I am a short story writer. I always have been, and probably always will be, regardless of my position in the writing world. Writers know it is good practice to read extensively in their chosen medium. If you write graphic novels, read a copious amount of graphic novels, poetry, read poetry collections. Read, write, and hone your skills. This means I have read hundreds of short stories by dozens of authors over the years. I have a bookshelf in my bedroom dedicated to short story collections as if their inner workings will seep into my brain during sleep.
One thing stands out in the stories that stick with me. They answer the following questions within the first few lines or paragraph, and certainly before the end of the first page:
I did it at the start of this blog entry and you probably didn’t realise.
- Who? – Me (I am)
- What? – a short story writer
- When? – always have been, and probably always will be
- Where? – regardless of my position in the writing world.
To illustrate this point, I’ve pulled a few books off my sacred short story book shelf and chosen some examples at random. Let’s have a look at six below from various authors. I’ve listed the full sources in a Bibliography at the end of this post.
Any other June, we would be in Hengwrt by now.from ‘The Fox on the Line’, Emma Donoghue
Who? – the narrator and other people
What? – they would be in a certain place
When? – by now
Where? – Hengwrt
Even though her eyes were still closed, Martha Briggs knew that the sun was shining. The warmth was creeping slowly, gloriously across the blankets, and any minute now it would reach her face.from ‘Last Day of Spring‘, Celia Fremlin
Who? – Martha Briggs
What? – waking up
When? – probably the morning
Where? – she is most likely in bed
I have never spent Christmas alone before.from ‘Christmas Meeting’, Rosemary Timperley
It gives me an uncanny feeling, sitting alone in my ‘furnished room’, with my head full of ghosts, and the room full of voices of the past.
Who? – the narrator
What? – sitting alone reminiscing
When? – at Christmas
Where? – in their furnished room
‘Oh, there is one, of course, but you’ll never know it.’from ‘Afterward‘, Edith Wharton
The assertion, laughingly flung out six months earlier in a bright June garden, came back to Mary Boyne with a new perception of its significance as she stood, in the December dusk, waiting for the lamps to be brought into the library.
Who? – Mary Boyne
What? – remembering what someone said as she stood in the dusk waiting for lamps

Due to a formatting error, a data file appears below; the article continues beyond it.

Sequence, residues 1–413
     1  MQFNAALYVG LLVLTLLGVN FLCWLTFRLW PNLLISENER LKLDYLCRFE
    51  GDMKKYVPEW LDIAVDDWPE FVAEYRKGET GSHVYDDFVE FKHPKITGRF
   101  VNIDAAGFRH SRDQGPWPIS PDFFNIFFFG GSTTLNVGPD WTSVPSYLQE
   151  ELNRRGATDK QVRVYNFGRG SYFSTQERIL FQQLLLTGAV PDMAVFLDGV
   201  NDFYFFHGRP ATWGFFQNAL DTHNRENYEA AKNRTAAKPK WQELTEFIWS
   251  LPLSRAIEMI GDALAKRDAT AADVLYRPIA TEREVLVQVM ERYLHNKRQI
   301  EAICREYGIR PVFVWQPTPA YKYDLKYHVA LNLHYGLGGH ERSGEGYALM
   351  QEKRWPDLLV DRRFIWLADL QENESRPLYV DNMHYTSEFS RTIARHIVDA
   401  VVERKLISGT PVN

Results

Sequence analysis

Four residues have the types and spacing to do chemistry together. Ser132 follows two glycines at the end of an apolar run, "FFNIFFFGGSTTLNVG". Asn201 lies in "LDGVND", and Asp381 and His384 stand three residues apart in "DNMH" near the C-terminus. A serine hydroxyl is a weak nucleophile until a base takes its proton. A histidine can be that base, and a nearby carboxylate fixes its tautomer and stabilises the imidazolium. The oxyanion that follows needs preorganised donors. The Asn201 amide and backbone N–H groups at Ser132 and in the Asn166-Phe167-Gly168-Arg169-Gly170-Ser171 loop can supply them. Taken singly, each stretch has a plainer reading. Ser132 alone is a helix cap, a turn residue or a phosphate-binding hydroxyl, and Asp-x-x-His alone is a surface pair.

When? – December
Where? – the library
I met Myra at the Arts Club. It was lunchtime on the sort of summer day which makes you want to eat outside, off a table with a luminous white cloth.from ‘Dog People’, M John Harrison
Who? – the narrator and Myra
What? – meeting for lunch
When? – on a summer’s day
Where? – at the Arts Club
So there’s Scallie and me wearing Starsky-and-Hutch wigs, complete with sideburns, at five o’clock in the morning by the side of the canal in Amsterdam.from ‘The Thing About Cassandra’, Neil Gaiman
Who? The narrator and Scallie
What? – wearing Starsky-and-Hutch wigs
When? – 5am
Where? – by a canal in Amsterdam
I could keep going, but I think you get the point. Of course there are many stories that do not follow this pattern, it’s not a hard and fast rule; but it does set up a short story quickly, and grabs the reader’s attention. So go on, choose a few short story collections and have a look and start a discussion in the comments below.
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Donoghue, E., ‘The Fox on the Line’, in Donoghue, E., The Woman Who Gave Birth to Rabbits, Virago Press, London, 2002, pp.29-40.
Gaiman, N.,‘The Thing About Cassandra’, in Gaiman, N., Trigger Warning Short Fictions and Disturbances, Headline Publishing Group, London, 2015, pp.14-32.
Harrison, MJ., ‘Dog People’, in Royle, N (ed.) Best British Short Stories 2018, Salt Publishing, Cromer, 2018, pp. 80-93..
Timperley, R., ‘Christmas Meeting’, in Dahl, R (ed.) Roald Dahl’s Book of Ghost Stories, Penguin Books, London, 2012, pp. 91-94.
Wharton, E., ‘Afterward’, in Dahl, R (ed.) Roald Dahl’s Book of Ghost Stories, Penguin Books, London, 2012, pp. 229-272.